Susan Ryder whose life pattern shared remarkable similarities with his own. Born in 1923 in Yorkshire, Sue Ryder had worked in Special Operations Executive (SOE) during the war, based in London her main work had been with Polish units, assisting in the dispatch of Polish agents. In 1943 she was sent abroad, first to N Africa then to Italy. At war end she worked tirelessly for the displaced and homeless in France and Central Europe. She took on herself the role of friend, mediator, lawyer, visitor and provider, for those in need, especially the most abandoned. She kept a record of all these, her ‘Boys’, which by 1950 numbered 1,400. With help from local people, she set up homes and projects for her ‘Boys’ throughout Europe.
Early in 1959 having known each other for some five years, Cheshire and Ryder became engaged, marrying in April in a private chapel in Bombay’s Catholic Cathedral, with Cardinal Gracias officiating. Both Cheshire and Ryder were converts to Catholicism, and before their wedding they had jointly composed a beautiful prayer – too long to show here, but will try to include in a future post.
After their marriage their lives continued as hectic as ever, with each one remaining fully committed to their respective charitable foundations. They continued to live frugally in a small flat in Suffolk, - part of one of the Homes of the Sue Ryder Foundation, both regularly travelling the world visiting the Homes, forever seeking material support, help, and financial backing for their work.
In 1978 Sue Ryder accepted a life peerage from HM the Queen, which she envisaged would be useful in promoting her work. In memory of her many Polish friends, living and dead, she adopted the title of ‘Baroness Ryder of Warsaw.’ For both herself and her husband, their Catholic faith determined the pattern of their lives, and on their Silver Wedding anniversary they travelled with close friends to Rome for a special celebration Mass in St Peter’s, where they enjoyed a personal meeting with Pope John Paul II.
They had two children, a son and a daughter, the latter ultimately becoming a doctor. In 1981 Cheshire was awarded the Order of Merit (OM), the recipients of which award are personally chosen by Her Majesty the Queen. After his visit to Africa in 1988, Cheshire's health began to noticeably deteriorate.
On doctor’s orders he was advised to ‘slow down’, but eventually in February 1992 he was diagnosed with motor-neurone disease. His condition deteriorated rapidly and on 31st July 1992 he died during the night, as a result of a heart attack. His wife carried on overseeing the Sue Ryder charities and assisting whenever possible the Trustees of the Cheshire charities. Her own health deteriorated, and early in 2000 as a result of policy disagreement, she split with the Trustees of the 'Sue Ryder Foundation' (now called 'Sue Ryder Care') and set up a new body, the 'Bouverie Foundation', to ‘sustain the original principles of frugality, compassion and humility’. By now she was very ill, and on the 2nd November 2000 she died. For a full account of Sue Ryder's life, I recommend her autobiography 'Child Of My Love' published in 1986 by Collins Harvill, a fascinating account of the faith, aspirations and achievements of a truly remarkable woman.

This totally inadequate synopsis of the lives of surely two of the greatest English lay Catholics of the 20th century, is a ‘mere crumb’, a very tiny offering dedicated to their memory. The fact that they were husband and wife, effectively offering up their lives in a practical way, for the relief of suffering throughout the world, reflects true charity in which ‘God was loved above all things, and our neighbour was loved as ourselves for His sake’, a charity in which words were translated into deeds, in a spirit of absolute trust in Divine providence. Their lives reflect the Beatitudes taught by Jesus.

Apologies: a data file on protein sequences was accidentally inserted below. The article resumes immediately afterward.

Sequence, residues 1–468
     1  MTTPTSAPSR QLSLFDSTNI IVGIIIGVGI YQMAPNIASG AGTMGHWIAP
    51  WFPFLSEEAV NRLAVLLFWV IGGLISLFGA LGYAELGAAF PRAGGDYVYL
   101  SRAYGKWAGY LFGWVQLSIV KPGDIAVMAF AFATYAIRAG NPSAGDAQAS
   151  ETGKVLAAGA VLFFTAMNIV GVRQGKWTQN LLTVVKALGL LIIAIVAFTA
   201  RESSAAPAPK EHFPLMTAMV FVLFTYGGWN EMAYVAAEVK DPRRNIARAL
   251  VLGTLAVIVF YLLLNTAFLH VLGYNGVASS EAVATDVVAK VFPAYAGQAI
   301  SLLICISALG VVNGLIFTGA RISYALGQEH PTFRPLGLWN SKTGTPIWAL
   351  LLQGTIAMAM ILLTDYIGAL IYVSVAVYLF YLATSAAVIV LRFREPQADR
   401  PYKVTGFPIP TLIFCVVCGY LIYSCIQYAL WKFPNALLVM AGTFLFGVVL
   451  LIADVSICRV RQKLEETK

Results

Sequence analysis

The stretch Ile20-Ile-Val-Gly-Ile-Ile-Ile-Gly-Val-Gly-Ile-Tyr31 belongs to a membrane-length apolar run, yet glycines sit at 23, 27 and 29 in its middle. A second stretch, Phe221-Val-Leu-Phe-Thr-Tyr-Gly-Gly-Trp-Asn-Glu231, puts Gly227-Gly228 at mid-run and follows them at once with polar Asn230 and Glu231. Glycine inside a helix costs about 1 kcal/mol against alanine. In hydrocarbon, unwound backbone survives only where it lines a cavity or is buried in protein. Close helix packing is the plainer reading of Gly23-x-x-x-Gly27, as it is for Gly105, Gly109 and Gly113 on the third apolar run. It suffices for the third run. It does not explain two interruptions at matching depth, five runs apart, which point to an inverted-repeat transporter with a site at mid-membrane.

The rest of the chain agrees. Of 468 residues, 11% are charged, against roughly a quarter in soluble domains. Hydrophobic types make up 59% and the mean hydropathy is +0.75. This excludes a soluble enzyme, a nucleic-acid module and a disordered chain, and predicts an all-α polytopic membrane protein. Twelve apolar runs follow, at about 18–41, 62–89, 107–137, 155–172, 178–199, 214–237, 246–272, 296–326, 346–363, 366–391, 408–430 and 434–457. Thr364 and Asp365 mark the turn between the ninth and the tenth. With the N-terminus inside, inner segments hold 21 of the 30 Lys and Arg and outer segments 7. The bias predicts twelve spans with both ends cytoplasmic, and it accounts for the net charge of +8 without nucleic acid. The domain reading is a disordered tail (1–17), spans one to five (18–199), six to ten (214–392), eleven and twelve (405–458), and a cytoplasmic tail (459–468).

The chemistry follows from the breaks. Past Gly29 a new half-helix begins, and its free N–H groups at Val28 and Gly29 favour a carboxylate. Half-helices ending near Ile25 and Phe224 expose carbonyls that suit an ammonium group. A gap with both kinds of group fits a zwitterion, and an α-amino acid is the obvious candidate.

'In the year 2000 in Britain alone, the Leonard Cheshire Foundation administered some 140 homes, respite units, day centres, home carers, and other projects, helping over 10,000 disabled people to lead lives of their own choosing. Internationally, it provides a framework, training and support for a further 240 services in 51 countries.'
The Sue Ryder Foundation has some 17 Care Centres in Britain, which comprises 6 Hospices and 11 Neurological Centres, also a home-care service. It also supports 30 projects in 11 European countries and Malawi. ( Wikipedia)

The courageous. devout and inspiring lives, and the truly ‘humanitarian’ achievements, of these two extraordinary people, surely rank alongside such great and holy lives as that of ‘Mother Teresa of Calcutta’. Certainly they had human weaknesses and failings, but the Saints had these. Above everything, they had tremendous trust in Divine Providence, which trust was more than amply rewarded, as is clear from all that was achieved, for ‘by their fruits you shall know them’. They are surely now together in God's presence, and we ask for their intercession for our once Christian and indeed Catholic country, that we may honour and obey God's Commandments, that His Laws may be reflected in our laws, that the Kingship of Christ and the authority of His Church be recognised, and that the God-given dignity of all mankind be acknowledged and respected. We also ask for their intercession for the conversion of England to the one, true Catholic faith, the faith of our forefathers for hundreds of years, when England was known as the ‘Dowry of Mary’.

"Holy Mary, Mother of Christ, we humbly ask your intercession for our Holy Father Pope Benedict XVI, for our Church and for our Country"

Thoughts from St Alphonsus' by Rev C McNeiry CSSR.

"At death we must leave all things. The brother of Thomas a Kempis took delight in speaking of a beautiful house which he had built for himself. A friend told him it had one great defect. "What is it?" said he. "It is," answered the other, "that you have made a door in it." "What!" rejoined the brother of a Kempis, "Is a door a defect?" "Yes" answered the friend; "for through this door you must one day be carried out dead, and must leave the house and all things." (February 19th)